Friday, May 3, 2013

Severe Weather Prognosis - May 3, 2013

This discussion concerns the next week and how severe weather may evolve within that timeframe.

Madden-Julian Oscillation is predicted to strengthen and move into the middle phases as the next 7 days evolve. Current stage of MJO is in weak Phase 1 as the above image shows. The GFS Ensembles predict the MJO wave to move through Phases 2 and 3, both of which are known to ignite severe weather concerns. Phase 2 has been judged by multiple meteorologists to have an atypically high risk of tornado outbreaks. Main concern for this discussion is centered around the time that the MJO spends in Phase 3. Time spent in Phase 2 is of little interest, as unusual weather pattern involving a massive closed low in the Plains situates itself in the region for the period of time the MJO spends in Phase 2. By the time the Madden Julian Oscillation wave reaches Phase 3, the closed low will have moved out of the contiguous United States and another storm system will be forcing itself through the Southwest and Southern Rockies. It is this timeframe when our first severe weather risk arises.

Vorticity map shows closed low on the Eastern Seaboard and the next storm system pushing through the Southern Rockies. Future forecasts going into the overnight hours of May 8-May 9 include high instability values and extreme supercell composite values. Capping inversion will likely prove problematic should the current forecast pan out, but the event's details will be addressed in a future post.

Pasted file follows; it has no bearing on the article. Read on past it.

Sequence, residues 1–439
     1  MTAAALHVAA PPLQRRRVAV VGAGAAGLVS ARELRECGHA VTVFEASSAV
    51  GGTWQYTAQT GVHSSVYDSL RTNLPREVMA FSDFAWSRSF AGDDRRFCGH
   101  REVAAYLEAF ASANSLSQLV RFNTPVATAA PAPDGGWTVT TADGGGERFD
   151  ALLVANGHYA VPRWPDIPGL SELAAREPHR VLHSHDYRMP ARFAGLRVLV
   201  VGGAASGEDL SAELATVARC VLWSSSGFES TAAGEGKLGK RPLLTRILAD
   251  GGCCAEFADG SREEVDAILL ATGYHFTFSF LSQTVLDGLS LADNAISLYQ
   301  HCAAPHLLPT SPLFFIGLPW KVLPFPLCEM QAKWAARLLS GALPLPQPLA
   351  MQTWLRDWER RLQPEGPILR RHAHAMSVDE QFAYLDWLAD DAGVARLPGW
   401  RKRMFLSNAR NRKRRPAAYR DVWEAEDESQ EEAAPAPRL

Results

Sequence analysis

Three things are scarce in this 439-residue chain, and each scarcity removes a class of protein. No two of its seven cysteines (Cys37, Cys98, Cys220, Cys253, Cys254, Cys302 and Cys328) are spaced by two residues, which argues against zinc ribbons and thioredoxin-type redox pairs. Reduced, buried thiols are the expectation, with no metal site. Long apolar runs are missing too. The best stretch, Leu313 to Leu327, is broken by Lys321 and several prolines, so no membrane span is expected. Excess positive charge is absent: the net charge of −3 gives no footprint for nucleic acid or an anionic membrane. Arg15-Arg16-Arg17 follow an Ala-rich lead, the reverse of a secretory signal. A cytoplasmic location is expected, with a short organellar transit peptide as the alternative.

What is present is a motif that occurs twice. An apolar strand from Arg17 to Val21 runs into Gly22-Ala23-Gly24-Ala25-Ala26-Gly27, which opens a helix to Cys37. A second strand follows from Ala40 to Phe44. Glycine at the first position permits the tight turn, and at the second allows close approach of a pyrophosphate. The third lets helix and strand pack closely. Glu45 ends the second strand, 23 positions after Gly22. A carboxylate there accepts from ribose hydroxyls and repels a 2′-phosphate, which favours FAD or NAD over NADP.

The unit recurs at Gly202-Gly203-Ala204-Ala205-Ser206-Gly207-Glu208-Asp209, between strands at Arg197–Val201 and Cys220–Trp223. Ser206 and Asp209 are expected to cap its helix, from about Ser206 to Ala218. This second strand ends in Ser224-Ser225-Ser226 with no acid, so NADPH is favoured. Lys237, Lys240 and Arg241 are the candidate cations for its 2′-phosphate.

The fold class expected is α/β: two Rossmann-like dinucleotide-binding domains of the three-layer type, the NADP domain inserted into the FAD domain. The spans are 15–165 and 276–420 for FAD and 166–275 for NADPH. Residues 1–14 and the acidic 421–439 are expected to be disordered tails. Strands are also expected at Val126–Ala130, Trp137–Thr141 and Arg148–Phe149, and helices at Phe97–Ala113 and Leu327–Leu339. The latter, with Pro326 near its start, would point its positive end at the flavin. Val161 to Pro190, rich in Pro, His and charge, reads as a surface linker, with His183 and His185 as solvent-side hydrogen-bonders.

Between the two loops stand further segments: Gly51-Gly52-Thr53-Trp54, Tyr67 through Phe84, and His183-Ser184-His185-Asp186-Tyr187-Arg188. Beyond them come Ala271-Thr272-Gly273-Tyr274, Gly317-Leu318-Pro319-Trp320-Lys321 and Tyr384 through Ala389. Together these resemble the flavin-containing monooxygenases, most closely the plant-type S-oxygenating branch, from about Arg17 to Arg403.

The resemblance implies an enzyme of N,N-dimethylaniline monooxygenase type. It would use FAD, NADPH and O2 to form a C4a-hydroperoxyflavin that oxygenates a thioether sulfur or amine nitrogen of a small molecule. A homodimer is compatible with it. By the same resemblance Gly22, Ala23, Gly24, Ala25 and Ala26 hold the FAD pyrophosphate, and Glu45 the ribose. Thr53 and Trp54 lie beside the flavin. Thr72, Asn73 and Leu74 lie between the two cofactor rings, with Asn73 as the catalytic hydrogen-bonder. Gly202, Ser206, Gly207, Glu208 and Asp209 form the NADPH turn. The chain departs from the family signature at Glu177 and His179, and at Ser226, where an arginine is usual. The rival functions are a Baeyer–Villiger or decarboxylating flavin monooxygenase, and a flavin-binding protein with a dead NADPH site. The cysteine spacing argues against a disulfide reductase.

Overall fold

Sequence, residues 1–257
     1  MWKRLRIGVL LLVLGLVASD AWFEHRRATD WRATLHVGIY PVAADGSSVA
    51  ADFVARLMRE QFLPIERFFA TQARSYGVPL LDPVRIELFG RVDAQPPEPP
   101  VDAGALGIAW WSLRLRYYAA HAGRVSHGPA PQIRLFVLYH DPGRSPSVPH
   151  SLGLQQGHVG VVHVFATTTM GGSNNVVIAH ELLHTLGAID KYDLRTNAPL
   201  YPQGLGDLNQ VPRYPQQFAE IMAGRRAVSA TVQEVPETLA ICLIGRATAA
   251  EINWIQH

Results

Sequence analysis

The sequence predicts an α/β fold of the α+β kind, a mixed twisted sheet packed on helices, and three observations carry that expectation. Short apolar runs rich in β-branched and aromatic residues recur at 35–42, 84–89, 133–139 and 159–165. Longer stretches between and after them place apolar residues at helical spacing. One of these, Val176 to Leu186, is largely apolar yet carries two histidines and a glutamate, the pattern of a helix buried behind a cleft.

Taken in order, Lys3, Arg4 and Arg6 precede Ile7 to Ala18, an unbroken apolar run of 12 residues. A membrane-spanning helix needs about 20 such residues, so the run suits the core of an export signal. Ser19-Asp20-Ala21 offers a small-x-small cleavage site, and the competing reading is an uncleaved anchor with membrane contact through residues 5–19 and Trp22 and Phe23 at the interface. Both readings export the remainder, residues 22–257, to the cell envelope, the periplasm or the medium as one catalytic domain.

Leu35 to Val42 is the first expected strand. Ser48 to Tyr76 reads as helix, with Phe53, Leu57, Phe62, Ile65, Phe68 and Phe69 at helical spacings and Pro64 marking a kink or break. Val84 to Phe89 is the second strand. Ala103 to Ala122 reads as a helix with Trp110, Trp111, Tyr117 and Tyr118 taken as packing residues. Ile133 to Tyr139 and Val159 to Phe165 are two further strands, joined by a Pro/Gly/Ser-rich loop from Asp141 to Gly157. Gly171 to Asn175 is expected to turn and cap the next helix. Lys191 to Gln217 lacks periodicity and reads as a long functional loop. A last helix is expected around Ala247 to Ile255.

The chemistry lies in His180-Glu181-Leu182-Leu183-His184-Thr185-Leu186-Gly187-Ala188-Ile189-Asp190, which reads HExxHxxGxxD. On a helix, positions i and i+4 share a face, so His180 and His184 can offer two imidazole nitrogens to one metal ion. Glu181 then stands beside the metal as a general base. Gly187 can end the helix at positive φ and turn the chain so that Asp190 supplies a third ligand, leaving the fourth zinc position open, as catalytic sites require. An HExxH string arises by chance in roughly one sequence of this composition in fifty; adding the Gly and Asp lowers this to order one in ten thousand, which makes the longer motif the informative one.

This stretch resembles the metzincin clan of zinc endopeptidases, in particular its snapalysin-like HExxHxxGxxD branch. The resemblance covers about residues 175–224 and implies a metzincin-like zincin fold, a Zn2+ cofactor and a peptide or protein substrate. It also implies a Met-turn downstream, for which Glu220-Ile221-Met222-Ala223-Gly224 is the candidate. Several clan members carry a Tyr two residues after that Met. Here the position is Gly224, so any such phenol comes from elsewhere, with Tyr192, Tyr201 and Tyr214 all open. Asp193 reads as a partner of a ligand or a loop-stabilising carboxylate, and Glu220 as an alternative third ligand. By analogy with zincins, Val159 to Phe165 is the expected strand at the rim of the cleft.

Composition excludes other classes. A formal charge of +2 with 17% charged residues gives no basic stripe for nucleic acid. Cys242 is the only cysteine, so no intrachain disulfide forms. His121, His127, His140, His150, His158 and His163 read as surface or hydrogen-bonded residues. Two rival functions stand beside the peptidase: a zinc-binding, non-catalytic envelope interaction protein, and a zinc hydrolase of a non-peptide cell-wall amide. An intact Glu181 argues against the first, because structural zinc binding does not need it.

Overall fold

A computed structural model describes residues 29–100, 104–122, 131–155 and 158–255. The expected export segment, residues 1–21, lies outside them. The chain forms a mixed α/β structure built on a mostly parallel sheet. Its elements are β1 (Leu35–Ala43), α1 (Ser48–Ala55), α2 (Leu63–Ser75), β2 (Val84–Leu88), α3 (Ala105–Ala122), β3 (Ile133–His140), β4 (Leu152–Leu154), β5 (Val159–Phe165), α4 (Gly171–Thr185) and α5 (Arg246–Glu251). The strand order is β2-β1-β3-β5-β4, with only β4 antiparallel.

Madden-Julian Oscillation will be in Phase 3 during this timeframe, and analogs were examined for springtime Phase 3 dates. These dates were gathered from 2011 to 2006, with candidate months including April through June. Storm Prediction Center storm reports from all dates in these five years were examined, and 17 of 19 analog days included a synoptic severe weather event. The conclusion indicates that Phase 3 of the MJO does include severe weather potential.

Concern then falls to the aforementioned May 8-9 potential severe weather event. Current forecasts have this event progged to be relatively significant, but further analysis is needed in coming days to assure or disprove this estimation. Not willing to examine any dates beyond the May 8-9 timeframe, uncertainty in both model predictions and MJO forecasts are too great to give any confidence.